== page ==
Spectacular, opulent - words can not do justice to the sanctuary of the Great Synagogue. Designed by Frigyes Fresl, the walls are covered with gold ornamental designs. The womens' galleries are supported by heavily decorated poles. The huge ark at the east end with its beautiful blue and gold filigreed dome contains many Torahs saved from synagogues destroyed elsewhere by the Nazis. The massive organ built in the mid 1800s has drawn great artists most notably Franz Liszt. Both it and an area for a choir are located behind the ark. The whole room is naturally illuminated through arched and round stained glass windows as well as by large ornate chandeliers. Sitting in the polished dark wooden benches, the visitor is compelled to search every corner for the beauty within this room.
Budapest's Great Synagogue is one of the largest Synagogues in the world AND a sight you will not want to miss! This grand Jewish Temple also goes under the name of Dohány Synagogue.
We first saw the Temple from a side street, at that time we didn't realize what it was! Straight away I liked the coloured brick work and Moorish features. We walked around and found the entrance way where a short queue of people were waiting to buy tickets.
The Temple was built between 1854 and 1859 in several styles, probably Moorish is the main style, then Byzantine, Gothic, and Romantic architecture can be seen. Two 43.6 metre high towers add appeal to the Temple, so do the yellow and red bricks giving the building a striped appearance. At the entrance way, is a rose stained-glass window.
Restoration of this lovely Temple took between 1991 to 1998 to complete.
The Central Synagogue in Manhattan, New York City is a near-exact copy of the Dohány Street Synagogue.
OPENING HOURS VARY, so please go to this link
We were lucky to have a look inside, as the Synagogue was being shut later for a very important funeral. Already, the streets around it were closed by Police.
ADMISSON FEE - 1400 HUF
Inside the synagogue you have to wear a small skullcap called kipah or yarmulke. You will be given one at the entrance.
You can buy tickets online and tours are available.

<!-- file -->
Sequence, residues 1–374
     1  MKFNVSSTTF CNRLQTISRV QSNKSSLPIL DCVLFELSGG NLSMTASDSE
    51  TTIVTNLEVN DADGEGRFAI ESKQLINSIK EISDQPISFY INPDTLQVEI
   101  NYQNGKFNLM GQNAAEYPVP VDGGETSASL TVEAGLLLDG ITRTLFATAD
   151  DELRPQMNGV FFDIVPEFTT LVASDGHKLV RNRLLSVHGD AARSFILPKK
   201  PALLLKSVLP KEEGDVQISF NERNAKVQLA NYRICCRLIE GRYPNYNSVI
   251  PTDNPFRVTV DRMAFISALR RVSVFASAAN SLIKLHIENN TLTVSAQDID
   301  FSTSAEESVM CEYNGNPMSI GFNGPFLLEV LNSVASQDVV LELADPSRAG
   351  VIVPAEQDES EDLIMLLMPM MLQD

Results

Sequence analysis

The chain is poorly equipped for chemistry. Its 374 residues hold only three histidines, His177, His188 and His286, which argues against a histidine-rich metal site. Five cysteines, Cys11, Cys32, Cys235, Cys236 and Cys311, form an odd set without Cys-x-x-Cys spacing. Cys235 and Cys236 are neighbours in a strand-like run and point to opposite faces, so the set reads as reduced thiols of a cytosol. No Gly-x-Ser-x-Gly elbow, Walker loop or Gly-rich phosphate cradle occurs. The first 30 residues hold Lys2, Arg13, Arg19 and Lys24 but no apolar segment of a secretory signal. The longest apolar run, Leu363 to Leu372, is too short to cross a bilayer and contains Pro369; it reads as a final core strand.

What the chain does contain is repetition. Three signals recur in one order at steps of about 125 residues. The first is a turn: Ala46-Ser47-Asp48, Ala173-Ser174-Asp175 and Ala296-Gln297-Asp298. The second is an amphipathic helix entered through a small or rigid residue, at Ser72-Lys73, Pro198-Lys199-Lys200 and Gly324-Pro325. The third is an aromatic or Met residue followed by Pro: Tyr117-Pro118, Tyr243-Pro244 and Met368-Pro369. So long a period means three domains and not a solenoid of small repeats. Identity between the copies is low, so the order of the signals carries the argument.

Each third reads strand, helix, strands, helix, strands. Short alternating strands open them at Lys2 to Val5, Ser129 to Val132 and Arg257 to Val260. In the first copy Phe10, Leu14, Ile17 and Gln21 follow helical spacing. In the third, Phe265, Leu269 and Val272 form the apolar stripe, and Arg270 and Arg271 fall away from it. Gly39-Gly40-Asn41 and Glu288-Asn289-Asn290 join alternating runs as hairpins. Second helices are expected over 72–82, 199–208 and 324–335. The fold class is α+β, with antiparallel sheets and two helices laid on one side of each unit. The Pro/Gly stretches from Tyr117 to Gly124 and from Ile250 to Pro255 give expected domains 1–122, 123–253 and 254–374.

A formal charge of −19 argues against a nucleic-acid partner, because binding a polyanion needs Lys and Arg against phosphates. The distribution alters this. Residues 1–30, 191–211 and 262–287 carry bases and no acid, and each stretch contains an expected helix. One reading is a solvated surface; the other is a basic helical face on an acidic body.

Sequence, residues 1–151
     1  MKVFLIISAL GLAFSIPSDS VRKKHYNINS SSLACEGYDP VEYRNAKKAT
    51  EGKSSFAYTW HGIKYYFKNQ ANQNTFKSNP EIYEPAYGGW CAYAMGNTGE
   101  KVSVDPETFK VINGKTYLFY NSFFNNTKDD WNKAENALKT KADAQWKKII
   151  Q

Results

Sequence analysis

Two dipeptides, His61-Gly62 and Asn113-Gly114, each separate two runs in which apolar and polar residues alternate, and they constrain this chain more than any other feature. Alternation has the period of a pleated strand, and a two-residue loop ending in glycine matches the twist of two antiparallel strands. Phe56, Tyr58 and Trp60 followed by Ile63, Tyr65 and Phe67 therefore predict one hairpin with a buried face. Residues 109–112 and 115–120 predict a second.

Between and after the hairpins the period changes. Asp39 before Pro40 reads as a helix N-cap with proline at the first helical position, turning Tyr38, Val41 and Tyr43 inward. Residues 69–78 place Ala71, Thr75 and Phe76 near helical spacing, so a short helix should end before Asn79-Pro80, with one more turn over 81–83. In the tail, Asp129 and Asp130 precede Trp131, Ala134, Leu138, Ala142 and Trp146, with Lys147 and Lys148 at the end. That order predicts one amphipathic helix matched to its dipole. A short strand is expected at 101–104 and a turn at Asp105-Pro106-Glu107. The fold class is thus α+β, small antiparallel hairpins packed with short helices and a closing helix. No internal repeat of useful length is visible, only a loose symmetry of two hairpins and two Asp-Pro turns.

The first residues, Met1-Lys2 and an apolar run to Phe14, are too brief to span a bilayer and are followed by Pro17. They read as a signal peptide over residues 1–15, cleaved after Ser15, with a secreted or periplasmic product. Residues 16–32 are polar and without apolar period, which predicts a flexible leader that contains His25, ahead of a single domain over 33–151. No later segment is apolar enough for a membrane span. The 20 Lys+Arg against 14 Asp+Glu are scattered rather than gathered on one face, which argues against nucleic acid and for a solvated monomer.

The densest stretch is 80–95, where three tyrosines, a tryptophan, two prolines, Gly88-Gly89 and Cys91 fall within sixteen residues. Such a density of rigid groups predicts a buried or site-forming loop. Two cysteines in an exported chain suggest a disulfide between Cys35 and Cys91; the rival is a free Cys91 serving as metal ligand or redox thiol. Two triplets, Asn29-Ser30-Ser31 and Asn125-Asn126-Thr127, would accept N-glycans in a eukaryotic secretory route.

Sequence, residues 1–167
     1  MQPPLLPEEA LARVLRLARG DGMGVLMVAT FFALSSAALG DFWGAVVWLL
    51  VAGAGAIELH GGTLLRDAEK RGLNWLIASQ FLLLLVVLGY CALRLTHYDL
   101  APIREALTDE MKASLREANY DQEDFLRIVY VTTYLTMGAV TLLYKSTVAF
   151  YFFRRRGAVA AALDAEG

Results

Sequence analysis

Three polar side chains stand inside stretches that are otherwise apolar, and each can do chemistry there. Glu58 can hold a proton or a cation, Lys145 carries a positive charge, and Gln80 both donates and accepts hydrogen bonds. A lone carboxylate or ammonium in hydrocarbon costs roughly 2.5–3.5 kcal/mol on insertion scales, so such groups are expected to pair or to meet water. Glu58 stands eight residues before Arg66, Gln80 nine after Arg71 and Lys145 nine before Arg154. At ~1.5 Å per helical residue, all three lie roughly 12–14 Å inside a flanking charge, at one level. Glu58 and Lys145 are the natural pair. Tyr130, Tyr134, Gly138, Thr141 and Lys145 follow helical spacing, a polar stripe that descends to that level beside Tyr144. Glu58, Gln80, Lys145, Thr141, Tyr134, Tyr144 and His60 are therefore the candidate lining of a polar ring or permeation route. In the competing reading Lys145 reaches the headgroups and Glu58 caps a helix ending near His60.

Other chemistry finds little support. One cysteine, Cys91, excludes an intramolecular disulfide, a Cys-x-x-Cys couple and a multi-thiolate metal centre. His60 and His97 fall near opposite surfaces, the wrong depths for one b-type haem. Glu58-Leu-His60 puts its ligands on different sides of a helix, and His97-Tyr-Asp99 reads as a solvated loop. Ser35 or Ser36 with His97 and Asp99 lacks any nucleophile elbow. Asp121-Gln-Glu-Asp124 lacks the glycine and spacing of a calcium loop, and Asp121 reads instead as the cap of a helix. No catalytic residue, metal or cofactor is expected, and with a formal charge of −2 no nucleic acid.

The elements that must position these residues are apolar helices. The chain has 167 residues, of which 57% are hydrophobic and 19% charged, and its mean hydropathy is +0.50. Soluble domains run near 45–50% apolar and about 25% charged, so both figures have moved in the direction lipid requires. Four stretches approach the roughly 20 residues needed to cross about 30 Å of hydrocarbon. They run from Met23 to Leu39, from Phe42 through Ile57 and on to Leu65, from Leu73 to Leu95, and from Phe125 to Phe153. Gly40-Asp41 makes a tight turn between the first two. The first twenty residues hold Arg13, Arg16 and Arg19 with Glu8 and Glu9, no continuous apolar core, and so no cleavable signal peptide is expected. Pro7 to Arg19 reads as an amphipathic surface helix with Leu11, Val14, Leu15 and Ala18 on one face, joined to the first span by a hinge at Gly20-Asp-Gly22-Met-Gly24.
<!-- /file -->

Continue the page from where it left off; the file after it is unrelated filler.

After viewing the interior of the Great Synagogue, I then walked outside and under many arches on my way to view the "Tree of Life." It was through the arches that I noticed a tranquil area with lawn and old established trees.
I was inquisitive, so I left the crowd and wandered in for a look.
First, I should tell you about the Germans establishing a ghetto for the Jews in 1944, where tens of thousands of people were crowded together in inhumane conditions. Many people found refuge in the Great Synagogue, but thousands died during the winter of 1944/45, either frozen to death, died of sickness or starvation, or as a result of the brutality received from the Nazis. Thousands of corpses were found on the streets, many were unidentifiable bodies.
Today, these unknown people are buried in the Synagogue's garden, which has become known as the Martyr’s cemetery.
Where they lay at rest, the horrors of war have been left behind, as this is a very peaceful area for quiet reflection.
The Great Synagogue, also known as Dohány Street Synagogue (Hungarian: Dohány utcai zsinagóga/nagy zsinagóga, Hebrew: בית הכנסת הגדול של בודפשט bet hakneset hagadol šel budapešt) or Tabakgasse Synagogue, is located in Erzsébetváros, the 7th district of Budapest. It is the largest synagogue in Eurasia and the second largest in the world
This is the world's second biggest synagogue today. Moorish style, designed by German architect, Ludwig Forster. Opened on 6 Sept 1859.
There are guided tours in Hebrew and English, and can also be booked in season in French, German, Italian, Spanish and Russian. In addition to providing information about the synagogue, they also include much about the Hungarian history, which is a must for understanding the area.
Opening hours: 1Nov - 31Mar 10am to 3 pm, Fridays and Sundays til 2pm; 1Apr - 31Oct 10am to 5pm, Fridays til 3pm and Sundays til 6pm.
The synagogue and cashier close half an hour prior to to those times and is closed holidays and festivals. Groups of a minimum of 10 persons receive a discount.
This was one of the busiest sites I visited in Budapest. I entered and was gob-smacked, for before my eyes was a massive richly decorated oriental interior, complete with frescoes, ceiling decoration, many chandeliers, lamp-brackets, ornaments and a great pulpit and organ. WOW!